The same virus that has infected our institutions has also infected our collective culture. Or perhaps it is the other way around. But does it even really matter which was infected first? No, I think we will not revive what I understand to be American culture. Ever.

Will you and I, as Americans, recover?

Our last hope is that individual Americans sustain the patterns that we expected and hoped for in decades past. We are the only ones, now, who can sustain the patterns of a liberal democracy. I won’t say the patterns we experienced, because those are the ones that unfolded into our current dystopian state. No, I mean the ones we spoke of, embedded in the Declaration of Independence, and deluded ourselves into believing. Today, we must call on ourselves, friends, and neighbors to come to terms with those hopes and to live into them, individually and in our communities.

“All men are created equal . . . " is a fairly good container, when you acknowledge that “men” means all human beings of all races, genders, ages, and faiths. What would it mean for you and me to live into this boundary?

“Life, Liberty, and the pursuit of Happiness . . .” is a fairly good list of differences that create a tapestry within the complex system that is the United States. How can I, in my public and private lives, manifest those patterns for myself and for everyone I engage with? How can I use them as a template for making sense of what I see and making decisions for what I want to create for myself and others?

“ . . . to secure these rights . . .” is a great purpose for exchanges of all kinds. The challenge is to imagine how we might create and maintain exchanges that secure these rights, regardless of who we are or where we are. That is a problem we cannot solve. We do not know how. We cannot know how. Not because we are not smart enough, but because these rights are complex patterns. Patterns emerge from self-organizing processes. They are never solved, but they can be influenced. They are always the same and always unique. They change over time, place, and person. They are recognizable, but not predictable. They depend on individual and collective action. They are radically subjective and ultimately normative. Yet, it is my responsibility to secure these rights. The question is, how?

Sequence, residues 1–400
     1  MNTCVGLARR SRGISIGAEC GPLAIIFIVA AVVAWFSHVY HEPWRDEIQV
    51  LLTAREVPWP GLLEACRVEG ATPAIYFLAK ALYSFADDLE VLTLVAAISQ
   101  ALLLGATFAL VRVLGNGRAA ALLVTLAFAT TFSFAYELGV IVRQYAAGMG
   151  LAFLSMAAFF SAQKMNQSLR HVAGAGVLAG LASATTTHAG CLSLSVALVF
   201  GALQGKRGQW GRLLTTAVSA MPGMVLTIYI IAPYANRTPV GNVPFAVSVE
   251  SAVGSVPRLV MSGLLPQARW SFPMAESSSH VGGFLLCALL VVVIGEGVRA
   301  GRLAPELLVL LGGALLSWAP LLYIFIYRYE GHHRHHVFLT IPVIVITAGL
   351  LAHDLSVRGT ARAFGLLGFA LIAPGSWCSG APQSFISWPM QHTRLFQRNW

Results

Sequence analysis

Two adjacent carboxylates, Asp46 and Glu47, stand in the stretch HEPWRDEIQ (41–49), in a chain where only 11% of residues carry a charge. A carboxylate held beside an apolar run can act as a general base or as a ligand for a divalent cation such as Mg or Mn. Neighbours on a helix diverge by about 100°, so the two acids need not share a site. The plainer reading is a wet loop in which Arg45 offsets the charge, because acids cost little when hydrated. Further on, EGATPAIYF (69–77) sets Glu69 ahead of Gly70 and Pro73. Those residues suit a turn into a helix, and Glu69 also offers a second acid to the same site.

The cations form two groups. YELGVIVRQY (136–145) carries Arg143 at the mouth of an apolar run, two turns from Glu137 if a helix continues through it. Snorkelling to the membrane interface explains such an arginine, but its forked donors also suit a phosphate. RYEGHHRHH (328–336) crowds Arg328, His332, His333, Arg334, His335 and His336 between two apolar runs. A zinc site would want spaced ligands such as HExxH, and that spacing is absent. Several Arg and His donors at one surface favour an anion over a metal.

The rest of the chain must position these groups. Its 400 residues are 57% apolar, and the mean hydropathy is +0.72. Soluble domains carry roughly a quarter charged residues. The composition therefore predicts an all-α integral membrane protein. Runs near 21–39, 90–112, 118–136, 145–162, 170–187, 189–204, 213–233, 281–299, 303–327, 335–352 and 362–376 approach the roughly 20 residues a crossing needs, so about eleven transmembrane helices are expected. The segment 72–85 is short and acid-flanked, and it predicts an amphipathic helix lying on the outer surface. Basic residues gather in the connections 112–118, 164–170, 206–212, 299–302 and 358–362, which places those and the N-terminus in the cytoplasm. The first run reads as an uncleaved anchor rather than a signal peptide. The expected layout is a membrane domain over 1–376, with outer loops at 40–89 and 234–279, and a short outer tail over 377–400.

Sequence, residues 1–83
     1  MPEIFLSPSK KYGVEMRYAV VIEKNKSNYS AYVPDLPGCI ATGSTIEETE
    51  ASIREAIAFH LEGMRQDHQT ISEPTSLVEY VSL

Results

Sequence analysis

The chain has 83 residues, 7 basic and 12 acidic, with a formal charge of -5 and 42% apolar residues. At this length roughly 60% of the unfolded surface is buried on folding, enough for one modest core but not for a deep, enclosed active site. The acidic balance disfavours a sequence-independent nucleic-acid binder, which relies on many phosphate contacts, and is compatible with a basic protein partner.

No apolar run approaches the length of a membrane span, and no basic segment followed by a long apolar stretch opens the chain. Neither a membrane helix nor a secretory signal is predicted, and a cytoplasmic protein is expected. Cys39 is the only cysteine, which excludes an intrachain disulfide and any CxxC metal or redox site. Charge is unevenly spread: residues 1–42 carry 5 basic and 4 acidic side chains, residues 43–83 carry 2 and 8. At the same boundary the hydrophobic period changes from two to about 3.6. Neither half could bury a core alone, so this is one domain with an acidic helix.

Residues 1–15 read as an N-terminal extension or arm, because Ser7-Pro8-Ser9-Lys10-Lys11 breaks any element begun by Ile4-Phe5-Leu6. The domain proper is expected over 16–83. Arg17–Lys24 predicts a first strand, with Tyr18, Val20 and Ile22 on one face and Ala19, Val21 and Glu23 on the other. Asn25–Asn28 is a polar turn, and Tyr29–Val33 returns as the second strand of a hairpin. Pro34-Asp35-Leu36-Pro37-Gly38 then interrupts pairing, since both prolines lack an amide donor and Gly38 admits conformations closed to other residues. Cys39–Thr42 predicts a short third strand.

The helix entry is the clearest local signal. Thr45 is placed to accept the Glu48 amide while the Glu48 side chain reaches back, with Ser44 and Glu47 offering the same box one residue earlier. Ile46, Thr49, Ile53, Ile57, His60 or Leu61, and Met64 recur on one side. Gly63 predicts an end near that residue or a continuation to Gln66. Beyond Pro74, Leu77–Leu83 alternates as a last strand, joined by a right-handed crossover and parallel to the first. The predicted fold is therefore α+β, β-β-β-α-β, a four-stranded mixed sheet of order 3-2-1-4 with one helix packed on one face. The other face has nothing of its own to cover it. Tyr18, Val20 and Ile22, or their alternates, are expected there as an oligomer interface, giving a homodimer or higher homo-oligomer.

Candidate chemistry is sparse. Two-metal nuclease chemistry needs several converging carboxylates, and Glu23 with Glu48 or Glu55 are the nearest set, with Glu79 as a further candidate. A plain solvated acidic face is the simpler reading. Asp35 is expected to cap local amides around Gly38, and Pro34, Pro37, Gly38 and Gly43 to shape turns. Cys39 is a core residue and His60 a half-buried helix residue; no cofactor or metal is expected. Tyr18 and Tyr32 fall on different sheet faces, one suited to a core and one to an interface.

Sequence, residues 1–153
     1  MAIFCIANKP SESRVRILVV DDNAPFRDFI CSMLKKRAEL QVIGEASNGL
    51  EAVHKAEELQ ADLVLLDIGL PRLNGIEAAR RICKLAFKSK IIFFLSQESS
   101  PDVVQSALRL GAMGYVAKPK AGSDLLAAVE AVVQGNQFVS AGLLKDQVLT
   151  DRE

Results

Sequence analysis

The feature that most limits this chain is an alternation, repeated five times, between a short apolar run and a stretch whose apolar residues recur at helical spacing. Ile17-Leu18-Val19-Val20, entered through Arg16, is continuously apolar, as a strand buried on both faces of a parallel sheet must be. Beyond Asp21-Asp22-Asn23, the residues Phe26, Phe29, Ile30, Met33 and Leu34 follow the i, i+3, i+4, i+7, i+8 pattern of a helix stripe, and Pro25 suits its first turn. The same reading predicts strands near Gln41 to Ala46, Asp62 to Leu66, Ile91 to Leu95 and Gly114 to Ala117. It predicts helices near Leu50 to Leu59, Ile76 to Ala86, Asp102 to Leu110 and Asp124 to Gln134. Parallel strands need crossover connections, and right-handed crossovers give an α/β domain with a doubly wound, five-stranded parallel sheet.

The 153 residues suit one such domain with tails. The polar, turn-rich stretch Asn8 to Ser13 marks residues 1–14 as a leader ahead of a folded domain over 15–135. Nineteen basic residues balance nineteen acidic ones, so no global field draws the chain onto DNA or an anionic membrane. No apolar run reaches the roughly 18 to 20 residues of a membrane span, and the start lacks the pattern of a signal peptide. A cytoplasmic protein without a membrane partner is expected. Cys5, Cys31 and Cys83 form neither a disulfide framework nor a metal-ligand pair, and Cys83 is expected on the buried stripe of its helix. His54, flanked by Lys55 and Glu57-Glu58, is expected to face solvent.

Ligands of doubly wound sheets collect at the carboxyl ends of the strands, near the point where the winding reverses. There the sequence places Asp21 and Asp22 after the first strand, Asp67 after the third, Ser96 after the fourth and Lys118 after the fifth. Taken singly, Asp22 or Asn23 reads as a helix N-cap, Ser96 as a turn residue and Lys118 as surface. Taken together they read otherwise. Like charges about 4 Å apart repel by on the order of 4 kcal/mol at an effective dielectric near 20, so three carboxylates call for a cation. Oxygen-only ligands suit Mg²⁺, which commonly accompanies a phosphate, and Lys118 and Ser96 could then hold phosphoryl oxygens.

When we live in a complex world where truth is questioned and answers are unreliable, our only choice is to stand in inquiry. To secure these rights for ourselves and others, we must be curious to see patterns in this moment, as they are, not as we want them to be. We must ask good questions to make sense of existing patterns. In sensemaking, we must access a range of intelligences from within ourselves and from our diverse communities. We must make decisions and take actions that shift the pattern in this moment toward the ideals of Life, Liberty, and the pursuit of Happiness. Only our commitment to inquiry will shape the future in all places and times, for ourselves and others. If we are to sustain any vestige of a liberal democracy, we must confront reality with inquiry to create a shared future through cycles of learning and transformation.

Will we recover? I don’t know. I don’t even know if I will recover. The most I can do is to base inquiry and decisions on what we said we wanted to be, not what we became. I can ask what it means to be courageous enough to bring forward the best of our past and bridge to the vision of a free and fair future. Through this inquiry, I can hope to tap into the same patterns that inspired us to declare our independence from tyranny in 1776. Can we? Will I?

¹Liberal Democracy is defined by Oxford English Dictionary: A democratic system of government in which individual rights and freedoms are officially recognized and protected, and the exercise of political power is limited by the rule of law.